News and Events

Texting while driving will add up in Kentucky

April 7, 2014

Texting While Driving Now Costs 3 Points Against a Kentucky Driver's License

Texting while driving can now cost Kentucky drivers three points against their license.

In August, Gov. Steve Beshear announced that he’d enacted emergency regulations adding the new penalty.

The regulations went into effect in November after a legislative committee gave no objections, Transportation Cabinet spokesman Ryan Watts says.

“It’s more of an aggressive approach to getting drivers towards getting drivers to put down their cell phones and other text message-related devices and start concentrating on the road before them," Watts says.

Now, drivers cited for texting while driving will lose three points against their license. The Transportation Cabinet can suspend a license if a driver gets more than 12 points in a two-year span. For drivers younger than 18, the threshold is seven points.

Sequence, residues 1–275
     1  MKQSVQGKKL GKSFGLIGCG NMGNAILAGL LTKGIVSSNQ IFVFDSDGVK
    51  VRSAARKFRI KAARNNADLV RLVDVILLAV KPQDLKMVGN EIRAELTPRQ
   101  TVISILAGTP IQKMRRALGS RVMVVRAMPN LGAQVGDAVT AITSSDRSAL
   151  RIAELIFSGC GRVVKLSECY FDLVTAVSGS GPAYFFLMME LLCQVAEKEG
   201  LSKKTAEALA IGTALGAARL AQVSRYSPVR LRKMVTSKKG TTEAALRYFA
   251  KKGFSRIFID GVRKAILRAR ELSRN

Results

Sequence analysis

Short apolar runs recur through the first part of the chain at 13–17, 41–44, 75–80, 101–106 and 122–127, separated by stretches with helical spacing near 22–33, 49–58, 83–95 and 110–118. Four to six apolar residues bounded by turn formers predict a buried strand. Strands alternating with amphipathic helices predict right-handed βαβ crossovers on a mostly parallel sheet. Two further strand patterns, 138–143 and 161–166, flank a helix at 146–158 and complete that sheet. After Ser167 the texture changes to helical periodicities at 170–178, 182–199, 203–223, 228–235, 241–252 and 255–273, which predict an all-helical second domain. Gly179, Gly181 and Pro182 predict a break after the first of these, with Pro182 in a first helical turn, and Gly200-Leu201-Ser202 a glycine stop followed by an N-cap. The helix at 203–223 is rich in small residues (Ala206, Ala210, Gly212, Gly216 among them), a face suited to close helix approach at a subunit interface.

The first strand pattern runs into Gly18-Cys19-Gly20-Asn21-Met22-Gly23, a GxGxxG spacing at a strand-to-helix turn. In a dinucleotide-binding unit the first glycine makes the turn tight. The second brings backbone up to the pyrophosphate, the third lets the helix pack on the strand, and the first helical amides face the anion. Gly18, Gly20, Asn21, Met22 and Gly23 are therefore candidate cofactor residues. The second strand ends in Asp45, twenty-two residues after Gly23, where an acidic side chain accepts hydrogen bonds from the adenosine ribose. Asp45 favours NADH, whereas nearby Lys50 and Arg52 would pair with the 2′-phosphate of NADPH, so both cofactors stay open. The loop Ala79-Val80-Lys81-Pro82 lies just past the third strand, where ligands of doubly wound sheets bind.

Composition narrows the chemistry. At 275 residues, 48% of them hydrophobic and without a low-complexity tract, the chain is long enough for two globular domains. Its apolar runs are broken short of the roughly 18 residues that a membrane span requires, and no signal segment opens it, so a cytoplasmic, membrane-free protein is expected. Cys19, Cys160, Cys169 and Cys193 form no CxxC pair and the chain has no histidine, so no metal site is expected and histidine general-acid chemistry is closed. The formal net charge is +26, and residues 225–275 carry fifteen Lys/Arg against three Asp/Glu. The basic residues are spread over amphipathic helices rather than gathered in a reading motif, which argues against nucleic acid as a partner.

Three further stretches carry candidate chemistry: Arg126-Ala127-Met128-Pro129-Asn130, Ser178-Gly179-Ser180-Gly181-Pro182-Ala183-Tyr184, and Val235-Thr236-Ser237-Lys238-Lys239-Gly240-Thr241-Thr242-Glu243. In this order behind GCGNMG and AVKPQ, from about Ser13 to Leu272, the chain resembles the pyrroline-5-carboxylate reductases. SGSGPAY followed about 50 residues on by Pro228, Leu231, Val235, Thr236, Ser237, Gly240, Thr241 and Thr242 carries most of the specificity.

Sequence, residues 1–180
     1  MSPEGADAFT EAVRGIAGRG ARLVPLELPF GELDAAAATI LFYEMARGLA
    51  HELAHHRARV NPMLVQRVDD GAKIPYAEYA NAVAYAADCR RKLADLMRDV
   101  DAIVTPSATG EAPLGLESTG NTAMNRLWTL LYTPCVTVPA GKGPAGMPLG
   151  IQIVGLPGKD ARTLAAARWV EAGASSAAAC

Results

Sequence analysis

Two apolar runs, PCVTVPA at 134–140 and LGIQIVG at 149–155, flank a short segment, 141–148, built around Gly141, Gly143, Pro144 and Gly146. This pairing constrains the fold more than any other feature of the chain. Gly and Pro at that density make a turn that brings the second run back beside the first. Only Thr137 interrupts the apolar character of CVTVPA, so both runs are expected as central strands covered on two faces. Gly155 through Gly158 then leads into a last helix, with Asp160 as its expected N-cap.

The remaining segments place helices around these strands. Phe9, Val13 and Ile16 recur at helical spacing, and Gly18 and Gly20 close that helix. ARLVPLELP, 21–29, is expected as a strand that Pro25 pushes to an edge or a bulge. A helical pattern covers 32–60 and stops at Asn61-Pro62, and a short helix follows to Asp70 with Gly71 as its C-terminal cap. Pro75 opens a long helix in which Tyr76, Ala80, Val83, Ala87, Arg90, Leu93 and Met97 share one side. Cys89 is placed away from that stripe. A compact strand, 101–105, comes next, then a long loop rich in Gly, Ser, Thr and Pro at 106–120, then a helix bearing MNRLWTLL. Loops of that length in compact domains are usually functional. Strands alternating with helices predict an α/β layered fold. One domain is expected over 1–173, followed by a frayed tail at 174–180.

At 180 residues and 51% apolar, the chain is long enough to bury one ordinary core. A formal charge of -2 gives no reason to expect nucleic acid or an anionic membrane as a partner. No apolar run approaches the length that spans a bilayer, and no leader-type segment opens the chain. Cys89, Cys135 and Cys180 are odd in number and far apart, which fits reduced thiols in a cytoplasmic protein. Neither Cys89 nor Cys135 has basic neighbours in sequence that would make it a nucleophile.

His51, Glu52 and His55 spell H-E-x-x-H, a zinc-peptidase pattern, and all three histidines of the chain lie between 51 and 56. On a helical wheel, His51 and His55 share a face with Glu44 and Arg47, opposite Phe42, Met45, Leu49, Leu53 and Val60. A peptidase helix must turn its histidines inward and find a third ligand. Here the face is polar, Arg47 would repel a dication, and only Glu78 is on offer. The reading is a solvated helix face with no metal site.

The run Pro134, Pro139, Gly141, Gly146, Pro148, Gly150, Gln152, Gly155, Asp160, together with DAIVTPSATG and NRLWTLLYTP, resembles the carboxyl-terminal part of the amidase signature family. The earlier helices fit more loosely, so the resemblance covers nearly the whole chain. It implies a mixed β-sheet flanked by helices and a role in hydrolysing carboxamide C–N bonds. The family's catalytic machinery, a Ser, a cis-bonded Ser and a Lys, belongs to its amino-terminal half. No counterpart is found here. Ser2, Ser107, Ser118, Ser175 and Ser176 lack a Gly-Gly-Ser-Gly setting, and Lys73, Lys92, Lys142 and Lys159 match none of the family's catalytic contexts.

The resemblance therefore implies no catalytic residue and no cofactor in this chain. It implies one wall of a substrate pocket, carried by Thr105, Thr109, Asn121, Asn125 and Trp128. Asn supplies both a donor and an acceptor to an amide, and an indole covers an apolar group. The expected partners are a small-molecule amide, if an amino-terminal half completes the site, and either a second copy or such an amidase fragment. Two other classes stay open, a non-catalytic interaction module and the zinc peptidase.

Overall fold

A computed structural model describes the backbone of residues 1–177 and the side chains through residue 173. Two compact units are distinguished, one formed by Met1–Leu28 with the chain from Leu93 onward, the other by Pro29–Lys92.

Watts acknowledged that law enforcement has had issues enforcing the no texting while driving law passed by state legislators in 2012.

“But we want to give them the tools for them to hopefully enforce this along the way," Watts says.

In August, Beshear said distracted driving, which includes texting, was the cause of about 35,600 Kentucky traffic accidents in 2012.

Demand Load Control info

April 7, 2014

What is the SimpleSaver Program/Demand Load Control and how will I know if they are being controlled?

The program is designed to monitor and reduce electricity use during peak demand periods when energy costs are highest. In the summer, peak demand occurs as air conditioning strains the electric system. During winter, water heaters consume more power, which also increases your energy costs.  But if those units are managed even briefly during peaks by installing remote switches, you can get a credit on your bill, and we all benefit.